There’s a scene just a little ways into the film, when one of Solomon’s fellow kidnappees is returned to his master. He runs away hugging this rotund, well-dressed man, and the audience (at least at my showing) was made to laugh at him for being so servile. It was a kind of laughter that comes from discomfort, though, not judgment and condemnation.
When Solomon looks back at his fellow slaves, and embraces Patsy, the one most graphically mistreated through the film (she is raped, whipped, tormented, chased) that earlier scene immediately pops to mind. The question “is Solomon any better than his earlier counterpart?” jumps out (and that’s what brought me to Barack Obama and the Passover Seder). Somehow final embrace of his fellow slave literally gestured (but did not speak to) an answer.
The film holds the paradox of wrongful enslavement firmly in its view the entire time. Solomon is wracked both with a feeling of personal injustice, but then (when he has time to think about it) he sees glimmers of the sense of collective injustice that allows slavery to exist in the first place. When he is asked to whip Patsy, he confronts a whole most of moral questions, and the audience is made to confront those in a way they rarely are in our largely self-congratulatory film culture. What does it mean to perpetuate injustice? When am I obligated to fight it? When is that an impossible demand? Is it wrong to hurt another person under orders?
The insanity slavery creates in its practitioners, as well as its victims, was also considered in unflinching detail. “Master Epps” is a realistic portrait of depravity unlike any I have ever seen before. “Master Ford,” though seemingly more liberal-minded, is perhaps even more disturbing for that very reason. He is, mutatis mutandis, Martin Luther King’s “white moderate.”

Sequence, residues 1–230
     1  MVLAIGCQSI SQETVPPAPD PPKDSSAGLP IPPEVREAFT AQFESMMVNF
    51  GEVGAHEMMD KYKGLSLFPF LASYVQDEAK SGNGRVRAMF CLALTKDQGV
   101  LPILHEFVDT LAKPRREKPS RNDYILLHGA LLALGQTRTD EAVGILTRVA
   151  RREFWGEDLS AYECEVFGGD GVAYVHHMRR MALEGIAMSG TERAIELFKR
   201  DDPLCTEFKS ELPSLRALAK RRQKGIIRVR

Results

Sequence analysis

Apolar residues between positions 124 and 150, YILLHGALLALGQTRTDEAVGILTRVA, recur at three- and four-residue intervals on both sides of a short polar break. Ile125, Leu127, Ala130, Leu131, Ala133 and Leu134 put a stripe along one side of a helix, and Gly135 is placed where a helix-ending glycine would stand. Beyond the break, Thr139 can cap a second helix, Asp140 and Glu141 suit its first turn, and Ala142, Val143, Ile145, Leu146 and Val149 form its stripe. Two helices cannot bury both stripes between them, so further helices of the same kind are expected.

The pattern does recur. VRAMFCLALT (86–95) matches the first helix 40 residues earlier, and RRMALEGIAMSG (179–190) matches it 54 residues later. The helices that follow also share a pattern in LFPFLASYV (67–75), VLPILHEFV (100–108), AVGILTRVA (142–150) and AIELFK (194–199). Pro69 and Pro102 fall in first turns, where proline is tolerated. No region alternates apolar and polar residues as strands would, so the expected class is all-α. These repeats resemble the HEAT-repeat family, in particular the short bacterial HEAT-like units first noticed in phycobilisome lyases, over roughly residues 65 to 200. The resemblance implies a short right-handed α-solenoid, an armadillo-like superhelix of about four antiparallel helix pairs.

There are also the whole issues of the purely visual and sonic aspects of this film. The depressed, dead and boggy landscapes viscerally deny the ante-bellum world of Gone with the Wind, and even Django Unchained (which movie Twelve Years a Slave immediately made me re-think my feelings about). The music – atonal dirge soundtrack, on-screen fiddle playing by Solomon, funeral singing, field-slave singing, farcical Victorian dancing (of both whites and slaves forced to emulate those whites) – all of it was executed with a depth of feeling that deserves its own celebration.
All of the music brought constantly to mind one of Frederick Douglass’s autobiography’s most vivid passages:
I have often been utterly astonished, since I came to the north, to find persons who could speak of the singing, among slaves, as evidence of their contentment and happiness. It is impossible to conceive of a greater mistake. Slaves sing most when they are most unhappy. The songs of the slave represent the sorrows of his heart; and he is relieved by them, only as an aching heart is relieved by its tears. At least, such is my experience. I have often sung to drown my sorrow, but seldom to express my happiness. Crying for joy, and singing for joy, were alike uncommon to me while in the jaws of slavery. The singing of a man cast away upon a desolate island might be as appropriately considered as evidence of contentment and happiness, as the singing of a slave; the songs of the one and of the other are prompted by the same emotion.
When the film shows Solomon begin to sing with his fellow slaves at the death of an older (I think nameless) slave – it confronts that central paradox, and puts Solomon’s obligations in the face of double injustice (both to him, ant to everyone else who was “rightfully” enslaved) in a deeply moving light.
Why does he begin to sing? What are the ethical, political, even spiritual implications of that beginning?
Go see this film if you have not already.